Les Leyne: Five years later, special prosecutor closes ‘quick-win’ election case

Les Leyne mugshot genericAs one of the special prosecutors appointed by the Criminal Justice Branch, Vancouver lawyer David Butcher is a key figure in the mysterious investigation that led to the suspension of the legislature clerk and sergeant-at-arms.

He took a time-out from that role on Monday to report on another political case he handled — the criminal investigation into the B.C. Liberals’ “multicultural strategic outreach plan,” also known as the quick-wins scandal.

article continues below

His final report was interesting in its own right, but also for the timing. He closed the case more than five years after he was appointed. No two cases are alike, but anyone eager to learn more about the circumstances behind the abrupt departure of legislature clerk Craig James and sergeant-at-arms Gary Lenz will shudder at the implications. Police investigations into political matters under special prosecutors don’t often wrap up quickly.

The quick-wins scandal dated back to before the 2013 election, when the B.C. Liberals drafted a shabby plan to knit government and party workers together into a team that would co-ordinate policies and activities tailored to appeal to ethnic voters.

The nickname stemmed from a note that said they could get quick political wins from things such as issuing apologies for historical wrongs.

The draft outline put the Liberals miles offside on all the usual protocols separating government policies from partisan political activities.

It was leaked to the NDP early in 2013 and caused a furor. Then-premier Christy Clark’s deputy minister launched an investigation that found serious breaches of the standards of conduct by several individuals.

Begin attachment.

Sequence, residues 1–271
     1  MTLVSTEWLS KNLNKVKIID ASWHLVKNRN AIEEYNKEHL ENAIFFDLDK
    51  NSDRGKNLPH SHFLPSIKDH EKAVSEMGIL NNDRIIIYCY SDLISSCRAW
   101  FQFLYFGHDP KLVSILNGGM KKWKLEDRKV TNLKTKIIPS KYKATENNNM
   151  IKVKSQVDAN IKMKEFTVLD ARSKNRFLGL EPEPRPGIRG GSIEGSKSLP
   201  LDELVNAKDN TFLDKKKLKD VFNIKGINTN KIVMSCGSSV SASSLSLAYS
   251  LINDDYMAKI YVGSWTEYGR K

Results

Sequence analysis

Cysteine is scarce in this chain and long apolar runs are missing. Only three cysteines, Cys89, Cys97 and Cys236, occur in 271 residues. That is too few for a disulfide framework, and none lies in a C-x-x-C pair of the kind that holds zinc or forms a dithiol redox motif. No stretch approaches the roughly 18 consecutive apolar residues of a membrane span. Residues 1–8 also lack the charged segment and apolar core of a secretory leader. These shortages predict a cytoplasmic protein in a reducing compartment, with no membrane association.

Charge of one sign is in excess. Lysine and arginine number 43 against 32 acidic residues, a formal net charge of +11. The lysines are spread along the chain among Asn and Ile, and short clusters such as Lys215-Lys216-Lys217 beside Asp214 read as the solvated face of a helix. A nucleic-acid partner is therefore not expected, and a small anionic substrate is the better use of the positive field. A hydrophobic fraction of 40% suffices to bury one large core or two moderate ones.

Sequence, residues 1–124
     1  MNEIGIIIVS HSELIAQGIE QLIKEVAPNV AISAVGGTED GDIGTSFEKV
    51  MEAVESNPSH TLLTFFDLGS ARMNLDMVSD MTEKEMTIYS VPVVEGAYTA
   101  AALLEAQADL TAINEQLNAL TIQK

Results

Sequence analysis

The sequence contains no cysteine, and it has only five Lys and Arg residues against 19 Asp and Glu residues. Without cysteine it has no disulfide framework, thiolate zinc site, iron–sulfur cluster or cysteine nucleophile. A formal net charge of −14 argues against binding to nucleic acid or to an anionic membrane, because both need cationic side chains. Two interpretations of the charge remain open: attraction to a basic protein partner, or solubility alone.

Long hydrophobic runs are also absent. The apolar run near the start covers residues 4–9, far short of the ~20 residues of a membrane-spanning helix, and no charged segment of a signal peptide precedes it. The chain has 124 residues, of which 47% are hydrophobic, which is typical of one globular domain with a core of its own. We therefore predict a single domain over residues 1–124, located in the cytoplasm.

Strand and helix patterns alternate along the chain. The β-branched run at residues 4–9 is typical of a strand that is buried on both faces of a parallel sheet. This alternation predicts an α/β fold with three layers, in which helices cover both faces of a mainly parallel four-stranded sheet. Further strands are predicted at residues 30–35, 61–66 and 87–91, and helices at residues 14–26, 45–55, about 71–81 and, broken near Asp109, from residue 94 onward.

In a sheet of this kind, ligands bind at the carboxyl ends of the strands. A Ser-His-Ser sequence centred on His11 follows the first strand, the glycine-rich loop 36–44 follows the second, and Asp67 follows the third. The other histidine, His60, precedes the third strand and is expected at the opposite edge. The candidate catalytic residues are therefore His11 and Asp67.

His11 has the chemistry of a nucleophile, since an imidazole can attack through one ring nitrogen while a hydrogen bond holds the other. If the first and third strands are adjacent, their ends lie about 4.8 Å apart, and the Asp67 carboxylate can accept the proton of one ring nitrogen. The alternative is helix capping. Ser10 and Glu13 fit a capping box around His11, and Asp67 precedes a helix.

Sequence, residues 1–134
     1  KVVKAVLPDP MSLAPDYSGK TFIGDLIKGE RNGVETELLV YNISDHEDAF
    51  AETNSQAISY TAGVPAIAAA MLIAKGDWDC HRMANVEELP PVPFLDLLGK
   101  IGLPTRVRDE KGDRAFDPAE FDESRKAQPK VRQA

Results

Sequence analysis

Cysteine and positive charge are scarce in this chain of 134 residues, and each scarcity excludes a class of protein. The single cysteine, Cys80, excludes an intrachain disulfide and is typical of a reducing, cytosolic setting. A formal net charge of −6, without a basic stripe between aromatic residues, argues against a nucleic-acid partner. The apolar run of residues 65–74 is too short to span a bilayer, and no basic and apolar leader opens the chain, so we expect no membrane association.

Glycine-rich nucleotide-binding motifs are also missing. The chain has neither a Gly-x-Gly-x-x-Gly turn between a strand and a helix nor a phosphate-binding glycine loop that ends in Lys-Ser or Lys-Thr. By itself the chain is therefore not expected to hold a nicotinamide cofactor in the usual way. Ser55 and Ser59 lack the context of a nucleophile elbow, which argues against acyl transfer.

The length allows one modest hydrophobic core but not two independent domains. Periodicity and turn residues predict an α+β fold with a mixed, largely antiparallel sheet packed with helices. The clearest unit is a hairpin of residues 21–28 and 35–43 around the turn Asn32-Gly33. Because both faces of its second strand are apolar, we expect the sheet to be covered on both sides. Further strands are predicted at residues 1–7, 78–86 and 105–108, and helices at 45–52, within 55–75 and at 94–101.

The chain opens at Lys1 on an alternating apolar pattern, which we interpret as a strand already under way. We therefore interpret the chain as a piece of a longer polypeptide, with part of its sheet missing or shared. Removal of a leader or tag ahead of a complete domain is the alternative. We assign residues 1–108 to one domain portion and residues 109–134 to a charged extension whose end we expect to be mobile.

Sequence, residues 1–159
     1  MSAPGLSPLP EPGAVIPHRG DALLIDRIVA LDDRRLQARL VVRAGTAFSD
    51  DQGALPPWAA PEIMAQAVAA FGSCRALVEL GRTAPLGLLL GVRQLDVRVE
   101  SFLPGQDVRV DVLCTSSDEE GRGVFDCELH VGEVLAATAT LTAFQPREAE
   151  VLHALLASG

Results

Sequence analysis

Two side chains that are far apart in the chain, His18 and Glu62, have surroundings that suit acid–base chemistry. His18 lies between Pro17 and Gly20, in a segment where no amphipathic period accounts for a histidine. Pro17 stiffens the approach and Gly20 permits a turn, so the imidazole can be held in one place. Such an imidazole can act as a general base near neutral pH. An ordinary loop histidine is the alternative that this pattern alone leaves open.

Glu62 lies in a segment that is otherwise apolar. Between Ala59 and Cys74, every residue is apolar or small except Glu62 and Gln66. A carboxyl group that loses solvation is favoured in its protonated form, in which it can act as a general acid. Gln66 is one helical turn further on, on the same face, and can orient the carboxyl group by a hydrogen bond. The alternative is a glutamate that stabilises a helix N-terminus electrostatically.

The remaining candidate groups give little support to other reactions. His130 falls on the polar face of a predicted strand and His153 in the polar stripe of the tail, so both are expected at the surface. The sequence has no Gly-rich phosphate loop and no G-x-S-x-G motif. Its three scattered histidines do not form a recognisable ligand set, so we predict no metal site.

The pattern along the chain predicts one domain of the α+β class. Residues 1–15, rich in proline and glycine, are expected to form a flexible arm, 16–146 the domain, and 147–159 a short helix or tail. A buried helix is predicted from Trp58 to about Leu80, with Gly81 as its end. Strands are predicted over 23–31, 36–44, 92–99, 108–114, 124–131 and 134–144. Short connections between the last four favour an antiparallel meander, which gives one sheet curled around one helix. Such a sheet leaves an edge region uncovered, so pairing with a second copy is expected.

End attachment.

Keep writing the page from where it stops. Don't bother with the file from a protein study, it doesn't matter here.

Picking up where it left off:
But then-NDP leader Adrian Dix dropped the issue as the election neared. After Clark won, he filed a complaint to the RCMP based on a leak about the original scandal and other issues related to the Liberal leadership campaign won by Clark.

That led to Butcher’s appointment. One official, Brian Bonney, eventually pleaded guilty to breach of trust and last January was handed a nine-month conditional sentence to be served in the community.

Butcher filled in more details on Monday. He said during the Liberal leadership election in 2012, one individual phoned an MLA to pass along 110 personal ID numbers used in voting. The MLA forwarded them to one of the candidates.

Butcher said the police did not recommend criminal charges, but they did recommend charges under the Election Act, which he declined to approve because of insufficient evidence.

He said the multicultural-outreach aspect was a lengthy and challenging investigation. They had to search Gmail servers in California for evidence. Some of the accounts were empty when searched. Some key witnesses never provided statements to police.

Butcher noted that although several witnesses asserted that the draft plan was never carried out, the evidence gathered by the RCMP established that certain parts of it were executed.

“Community liaisons” were hired, and one of them was employed by a numbered company that was controlled by Bonney and a Liberal Party colleague.

That individual was told to keep the employment contract private and “never say that they worked for a minister, MLA or political party.”

“Their business card described their position as ‘honorary community liaison.’ ”

Butcher said that as a government official, Bonney worked for nine months supervising three people doing partisan work such as radio call-in shows, writing letters to the editor and arranging meetings.

“Bonney knew that his involvement was inappropriate,” said Butcher. He once sent a group email stating: “Remember, you still don’t know me!!!”

Butcher also cited the remarks at sentencing by Judge David St. Pierre, who said: “I find that the misuse of government power or resources for other purposes, such as gaining an unfair advantage on political opponents, is properly characterized as a kind of political corruption.”

Butcher had asked for a 12- to 23-month sentence for Bonney, but the judge imposed nine months, noting he was not the architect and the plan was developed by people higher up the chain of command.

Bonney had pleaded guilty to separate charges that arose after police started investigating him.

lleyne@timescolonist.com

Read Related Topics

© Copyright Times Colonist

Find out what's happening in your community.


Find out what's happening in your community.

Most Popular